The second floor is given over to a short film about how the buildings in the area are constructed – some with schist, some with pink granite, some with mud – and was in French. The third floor was especially for Mirinda, it was all about the types of coiffes worn by Breton women of this region. From massive constructs to things hardly worth the effort.
Lastly, the top floor is full of hand made toys.
In the courtyard there is a large display of photographs from early Montford leading up to present day. It was interesting, made even more so by the rain and the fact that it was outside. Around a corner and in the dungeon was a display of modern art. Mirinda didn’t like it because it felt like a dungeon. And the modern art looked a lot like straw plucked from a field and tied together with string. Which it was, basically.
We next visited the church of St Nicholas. Big and gloomy, though this could have been the weather as much as the lack of windows. It did have a rather pretty ceiling which I took a photo of. All in all, rather austere but, given the massive quantity of chairs and the acres of car park, I assume there’s a sizeable congregation.
We wandered in the rain up to the Hotel de la Cane and had a coffee and a tea then visited a boulangerie for lunchtime supplies of an American ham roll and a somewhat dubious gherkin and pate roll for Mirinda.
We then set off for Les Iff and the famous, (by God, the tourist book says, you musn’t miss this) Gothic church. By the time we reached it the rain was pelting down so we ate lunch in the car park feeling very British – we had a lovely view of a skip. The rain eased a bit so we ventured forth. The town of Les Iff was deserted. Apart from us and another couple of tourists in a car, it was a ghost town. If it hadn’t been raining, there would have been tumbleweeds.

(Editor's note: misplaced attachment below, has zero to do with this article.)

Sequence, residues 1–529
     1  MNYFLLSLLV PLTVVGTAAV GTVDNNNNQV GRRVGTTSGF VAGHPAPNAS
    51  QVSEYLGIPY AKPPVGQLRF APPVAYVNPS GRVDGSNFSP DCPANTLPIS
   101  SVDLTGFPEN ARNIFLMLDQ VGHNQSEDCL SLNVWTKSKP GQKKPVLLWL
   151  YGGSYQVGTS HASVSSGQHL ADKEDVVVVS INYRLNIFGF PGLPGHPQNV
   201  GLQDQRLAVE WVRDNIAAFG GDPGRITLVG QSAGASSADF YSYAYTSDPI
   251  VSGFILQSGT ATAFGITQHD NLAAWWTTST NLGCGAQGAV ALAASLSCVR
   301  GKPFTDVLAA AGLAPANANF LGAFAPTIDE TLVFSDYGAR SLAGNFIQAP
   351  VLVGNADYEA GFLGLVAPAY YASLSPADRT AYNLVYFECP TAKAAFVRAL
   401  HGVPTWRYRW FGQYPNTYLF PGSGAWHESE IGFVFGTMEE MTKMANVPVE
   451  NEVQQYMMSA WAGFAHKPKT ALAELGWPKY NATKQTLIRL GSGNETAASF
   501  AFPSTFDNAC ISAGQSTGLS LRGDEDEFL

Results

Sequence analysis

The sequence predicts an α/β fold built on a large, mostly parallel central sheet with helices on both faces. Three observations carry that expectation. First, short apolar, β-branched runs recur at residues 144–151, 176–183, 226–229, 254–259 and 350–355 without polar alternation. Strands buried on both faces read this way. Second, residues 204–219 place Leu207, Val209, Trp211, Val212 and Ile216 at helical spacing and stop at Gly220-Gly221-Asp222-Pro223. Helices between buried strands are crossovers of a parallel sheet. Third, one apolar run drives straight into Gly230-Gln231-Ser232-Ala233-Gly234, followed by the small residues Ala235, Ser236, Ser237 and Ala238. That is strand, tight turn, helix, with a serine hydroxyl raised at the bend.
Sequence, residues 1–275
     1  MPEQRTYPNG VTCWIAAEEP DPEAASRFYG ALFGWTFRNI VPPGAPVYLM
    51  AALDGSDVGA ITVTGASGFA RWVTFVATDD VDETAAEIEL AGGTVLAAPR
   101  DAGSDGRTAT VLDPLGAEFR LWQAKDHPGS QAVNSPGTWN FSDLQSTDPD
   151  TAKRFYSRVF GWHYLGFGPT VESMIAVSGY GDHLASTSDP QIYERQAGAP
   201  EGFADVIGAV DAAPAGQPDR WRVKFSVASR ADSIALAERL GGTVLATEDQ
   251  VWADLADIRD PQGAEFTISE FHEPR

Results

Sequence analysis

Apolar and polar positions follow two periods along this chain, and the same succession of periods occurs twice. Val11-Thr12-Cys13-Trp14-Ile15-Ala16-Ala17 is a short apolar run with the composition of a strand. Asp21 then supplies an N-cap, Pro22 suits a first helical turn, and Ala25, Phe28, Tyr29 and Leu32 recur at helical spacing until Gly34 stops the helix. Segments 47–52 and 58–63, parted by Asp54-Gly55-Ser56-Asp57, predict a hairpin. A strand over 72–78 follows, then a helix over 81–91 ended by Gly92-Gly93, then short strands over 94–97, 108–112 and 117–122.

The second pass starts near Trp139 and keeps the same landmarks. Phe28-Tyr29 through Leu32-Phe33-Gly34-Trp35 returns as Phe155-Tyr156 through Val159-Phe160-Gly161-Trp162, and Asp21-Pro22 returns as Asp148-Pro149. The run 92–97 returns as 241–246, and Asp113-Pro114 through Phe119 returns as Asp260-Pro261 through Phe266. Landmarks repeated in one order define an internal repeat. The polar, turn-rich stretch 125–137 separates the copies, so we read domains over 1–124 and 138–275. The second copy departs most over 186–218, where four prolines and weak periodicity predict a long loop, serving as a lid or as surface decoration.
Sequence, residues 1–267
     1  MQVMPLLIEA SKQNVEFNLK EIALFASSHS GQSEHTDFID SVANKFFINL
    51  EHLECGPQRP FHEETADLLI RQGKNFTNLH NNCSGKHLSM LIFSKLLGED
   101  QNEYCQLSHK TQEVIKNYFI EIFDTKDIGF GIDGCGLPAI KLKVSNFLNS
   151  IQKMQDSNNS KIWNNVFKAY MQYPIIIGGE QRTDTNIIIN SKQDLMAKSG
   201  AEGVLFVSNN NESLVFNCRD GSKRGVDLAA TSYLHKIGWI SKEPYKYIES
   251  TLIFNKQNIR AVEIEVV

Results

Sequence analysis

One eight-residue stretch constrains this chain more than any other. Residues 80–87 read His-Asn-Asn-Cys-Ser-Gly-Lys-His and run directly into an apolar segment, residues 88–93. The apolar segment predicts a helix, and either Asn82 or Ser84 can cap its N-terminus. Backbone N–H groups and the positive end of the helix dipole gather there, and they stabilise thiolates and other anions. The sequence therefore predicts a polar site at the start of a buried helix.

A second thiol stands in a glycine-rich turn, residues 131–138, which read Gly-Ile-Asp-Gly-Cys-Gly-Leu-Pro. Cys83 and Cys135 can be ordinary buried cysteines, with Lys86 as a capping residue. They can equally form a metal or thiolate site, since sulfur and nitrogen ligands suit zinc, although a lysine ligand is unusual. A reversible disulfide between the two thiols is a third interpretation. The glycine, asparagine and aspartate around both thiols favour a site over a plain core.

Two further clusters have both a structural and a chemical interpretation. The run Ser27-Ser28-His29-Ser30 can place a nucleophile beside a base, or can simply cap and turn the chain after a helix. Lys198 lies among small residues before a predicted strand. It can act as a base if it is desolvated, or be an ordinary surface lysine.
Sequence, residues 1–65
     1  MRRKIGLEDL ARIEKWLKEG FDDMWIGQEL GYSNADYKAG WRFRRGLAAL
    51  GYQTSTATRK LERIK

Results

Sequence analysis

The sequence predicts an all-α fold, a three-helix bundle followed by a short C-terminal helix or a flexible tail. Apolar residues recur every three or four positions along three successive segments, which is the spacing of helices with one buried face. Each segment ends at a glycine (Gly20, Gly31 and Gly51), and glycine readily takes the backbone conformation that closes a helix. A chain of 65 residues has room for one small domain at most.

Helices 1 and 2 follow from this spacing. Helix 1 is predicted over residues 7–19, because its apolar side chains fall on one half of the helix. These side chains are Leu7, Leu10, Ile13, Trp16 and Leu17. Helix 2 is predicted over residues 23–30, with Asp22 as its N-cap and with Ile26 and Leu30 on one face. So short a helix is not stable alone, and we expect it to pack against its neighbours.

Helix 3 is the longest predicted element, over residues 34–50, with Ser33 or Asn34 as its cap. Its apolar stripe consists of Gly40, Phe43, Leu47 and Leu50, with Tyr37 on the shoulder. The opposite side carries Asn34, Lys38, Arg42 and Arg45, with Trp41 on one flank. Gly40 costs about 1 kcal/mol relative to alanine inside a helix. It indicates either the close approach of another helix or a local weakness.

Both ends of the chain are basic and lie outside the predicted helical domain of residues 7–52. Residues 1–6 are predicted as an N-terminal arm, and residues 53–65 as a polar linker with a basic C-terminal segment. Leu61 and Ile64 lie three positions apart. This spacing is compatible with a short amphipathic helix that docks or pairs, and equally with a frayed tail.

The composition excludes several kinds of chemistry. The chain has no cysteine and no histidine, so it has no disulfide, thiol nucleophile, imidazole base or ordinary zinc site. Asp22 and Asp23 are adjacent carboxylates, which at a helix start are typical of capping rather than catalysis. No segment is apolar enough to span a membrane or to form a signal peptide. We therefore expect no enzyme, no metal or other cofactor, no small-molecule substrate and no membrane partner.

On the door of the church was a sign which said, if you’d like to see inside, get the keys from the bar. On the door of the bar was a sign which said they’d be closed from July to August. I decided the town should be called ‘As If’. We saw the outside of the Gothic church through the rain then decided to continue on to Le Château de Montmuran.
Alas, the château was not open although it was supposed to be! Three cars of tourists were disappointed along with us. We were going to just return to our room but Mirinda was determined we should see a château so we drove on towards Combourg.
Chateaubriand, the French writer, lived in the Château de Combourg as a child. I’ve not read his work, but assume it was either very gloomy or else very light. The château is grey and cold and ugly. The tour guide was miserable and not fond of a joke. It was all in French and no-one in the group (it was very big) laughed so we assumed it was as grim as her face.